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Coping With Loss During the Holidays November 22, 2018

For those who lose a loved one near the holidays or are experiencing their first holiday without a family member, the feelings of sadness can be compounded. What was once a festive time can be more subdued and can even turn melancholy. For those experiencing a fresh loss or who are heading into their first holiday without a loved one, there are some steps that can be taken to make the season brighter.

Acknowledge the Holidays are a Difficult Time to Grieve

One of the first steps a person can take is to accept that the holidays will be different and challenging to get through. Many choose to “fight through” the season pretending nothing has changed. It can be helpful to acknowledge a loved one with a candle on the dinner table or a special centerpiece. The recently departed can be acknowledged in a pre-dinner prayer.

Volunteer or Make a Donation

Doing something unselfish or in memory of a loved one can help you rebuild a meaningful holiday. You can volunteer your time with a non-profit or religious group or make a donation to a cause favored by the departed in their name. You may even volunteer with a group of close friends and family who may also be struggling with the loss.

Alter the Celebration

Trying to mimic previous holidays without an important person in your life can be difficult. You may decide it is better to change some things about the holidays. Perhaps going out to dinner instead of dining in. Maybe you can change the location where presents are opened. Changing a family celebration is not disrespecting the memory of a loved one. It is an acknowledgment of their importance.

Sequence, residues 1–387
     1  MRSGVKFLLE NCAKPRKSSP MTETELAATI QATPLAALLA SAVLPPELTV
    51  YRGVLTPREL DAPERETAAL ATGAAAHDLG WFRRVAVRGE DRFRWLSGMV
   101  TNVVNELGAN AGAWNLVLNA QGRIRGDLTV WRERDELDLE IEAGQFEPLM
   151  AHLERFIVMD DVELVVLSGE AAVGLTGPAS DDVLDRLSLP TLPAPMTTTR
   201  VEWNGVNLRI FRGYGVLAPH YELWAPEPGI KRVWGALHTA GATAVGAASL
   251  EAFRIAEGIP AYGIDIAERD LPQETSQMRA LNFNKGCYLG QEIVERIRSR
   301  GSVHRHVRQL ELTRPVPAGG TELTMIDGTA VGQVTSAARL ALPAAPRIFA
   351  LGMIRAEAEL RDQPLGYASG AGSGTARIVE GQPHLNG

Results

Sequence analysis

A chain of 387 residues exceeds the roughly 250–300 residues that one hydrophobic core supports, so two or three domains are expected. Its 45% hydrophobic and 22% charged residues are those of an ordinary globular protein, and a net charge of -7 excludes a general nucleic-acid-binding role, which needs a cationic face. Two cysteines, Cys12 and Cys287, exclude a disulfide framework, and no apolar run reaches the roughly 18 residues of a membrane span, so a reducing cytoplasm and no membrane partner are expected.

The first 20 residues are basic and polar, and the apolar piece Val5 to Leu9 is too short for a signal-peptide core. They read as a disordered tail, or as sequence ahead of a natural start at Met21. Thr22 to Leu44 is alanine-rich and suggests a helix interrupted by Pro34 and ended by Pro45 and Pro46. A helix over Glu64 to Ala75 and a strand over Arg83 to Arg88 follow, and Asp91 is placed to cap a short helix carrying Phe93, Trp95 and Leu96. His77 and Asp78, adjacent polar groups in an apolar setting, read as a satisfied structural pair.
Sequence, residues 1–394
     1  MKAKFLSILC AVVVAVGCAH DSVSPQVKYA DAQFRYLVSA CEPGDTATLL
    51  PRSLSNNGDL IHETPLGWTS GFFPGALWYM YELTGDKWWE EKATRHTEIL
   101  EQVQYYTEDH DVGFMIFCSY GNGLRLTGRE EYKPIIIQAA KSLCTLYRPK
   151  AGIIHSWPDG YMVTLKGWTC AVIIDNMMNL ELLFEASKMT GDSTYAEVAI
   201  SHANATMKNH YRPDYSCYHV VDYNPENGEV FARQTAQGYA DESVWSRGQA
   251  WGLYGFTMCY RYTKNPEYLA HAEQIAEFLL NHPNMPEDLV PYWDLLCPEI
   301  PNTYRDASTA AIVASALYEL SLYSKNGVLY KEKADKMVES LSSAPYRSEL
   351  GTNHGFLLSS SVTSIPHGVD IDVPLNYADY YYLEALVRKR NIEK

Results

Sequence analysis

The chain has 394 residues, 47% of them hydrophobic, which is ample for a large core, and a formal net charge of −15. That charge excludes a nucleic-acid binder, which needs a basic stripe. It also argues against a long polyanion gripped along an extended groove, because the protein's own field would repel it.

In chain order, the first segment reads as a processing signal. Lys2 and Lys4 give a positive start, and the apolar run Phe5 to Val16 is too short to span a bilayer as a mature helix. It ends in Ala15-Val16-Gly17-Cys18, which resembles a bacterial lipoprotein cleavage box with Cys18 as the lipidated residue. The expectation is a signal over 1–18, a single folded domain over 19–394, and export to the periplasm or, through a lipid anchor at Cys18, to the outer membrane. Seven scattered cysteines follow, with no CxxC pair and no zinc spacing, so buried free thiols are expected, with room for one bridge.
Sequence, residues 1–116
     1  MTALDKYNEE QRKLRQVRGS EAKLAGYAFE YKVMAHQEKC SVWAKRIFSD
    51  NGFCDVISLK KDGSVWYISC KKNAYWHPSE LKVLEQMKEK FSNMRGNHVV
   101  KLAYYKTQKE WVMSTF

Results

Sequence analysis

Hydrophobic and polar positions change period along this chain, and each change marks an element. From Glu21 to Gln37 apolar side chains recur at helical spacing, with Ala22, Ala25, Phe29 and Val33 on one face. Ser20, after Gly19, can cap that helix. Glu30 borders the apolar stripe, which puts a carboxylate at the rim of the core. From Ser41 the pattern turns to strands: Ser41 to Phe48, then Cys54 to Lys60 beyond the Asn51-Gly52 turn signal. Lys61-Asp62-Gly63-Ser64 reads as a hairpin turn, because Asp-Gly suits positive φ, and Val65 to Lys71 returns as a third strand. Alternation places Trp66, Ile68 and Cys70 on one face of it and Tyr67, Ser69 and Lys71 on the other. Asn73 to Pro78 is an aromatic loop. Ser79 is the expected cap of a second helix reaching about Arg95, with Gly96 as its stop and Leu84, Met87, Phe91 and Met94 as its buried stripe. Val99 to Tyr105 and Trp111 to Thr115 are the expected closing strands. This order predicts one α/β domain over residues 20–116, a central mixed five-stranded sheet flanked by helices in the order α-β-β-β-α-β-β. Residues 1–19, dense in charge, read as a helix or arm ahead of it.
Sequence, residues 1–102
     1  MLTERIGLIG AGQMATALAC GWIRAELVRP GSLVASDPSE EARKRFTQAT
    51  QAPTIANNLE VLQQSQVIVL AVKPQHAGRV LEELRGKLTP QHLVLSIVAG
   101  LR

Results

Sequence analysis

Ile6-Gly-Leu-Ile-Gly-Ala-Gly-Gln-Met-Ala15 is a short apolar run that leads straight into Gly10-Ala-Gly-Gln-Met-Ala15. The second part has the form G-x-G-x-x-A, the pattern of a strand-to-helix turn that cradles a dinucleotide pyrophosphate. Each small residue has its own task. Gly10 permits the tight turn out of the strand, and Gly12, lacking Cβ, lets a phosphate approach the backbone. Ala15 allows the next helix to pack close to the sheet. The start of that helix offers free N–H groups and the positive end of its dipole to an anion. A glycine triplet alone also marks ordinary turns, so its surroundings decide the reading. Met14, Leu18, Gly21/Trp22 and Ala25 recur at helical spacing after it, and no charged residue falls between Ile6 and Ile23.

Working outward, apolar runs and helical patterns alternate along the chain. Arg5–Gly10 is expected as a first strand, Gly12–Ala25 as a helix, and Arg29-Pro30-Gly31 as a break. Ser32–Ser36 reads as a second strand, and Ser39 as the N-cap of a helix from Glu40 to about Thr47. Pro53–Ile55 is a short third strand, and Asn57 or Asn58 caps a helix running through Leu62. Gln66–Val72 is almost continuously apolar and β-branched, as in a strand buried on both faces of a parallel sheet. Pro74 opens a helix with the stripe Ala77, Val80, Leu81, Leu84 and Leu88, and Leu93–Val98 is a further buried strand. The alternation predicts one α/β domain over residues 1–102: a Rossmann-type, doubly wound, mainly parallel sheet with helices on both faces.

Give Yourself Permission to Miss Parts of the Holiday

People grieve in their own way and at their own pace. If you don’t feel like you are up to a group celebration during the holiday, give yourself permission to take a year off or perhaps limit your involvement.

It is understandable and perhaps even natural to feel like you will never enjoy the holidays again. At some point, however, you’ll likely find new ways to enjoy it and new traditions. Thankfully there are also plenty of resources available for those who are struggling. There are area grief support groups as well as support groups for those who have lost a parent, child or a loved one through suicide. At Fares J. Radel, we even have Gus the Therapy Dog who is available to help provide comfort.

The holidays are so closely tied to our emotions and memories they can be a tough path to navigate after the loss of someone you love. Take the steps you feel are important to make the journey smoother.

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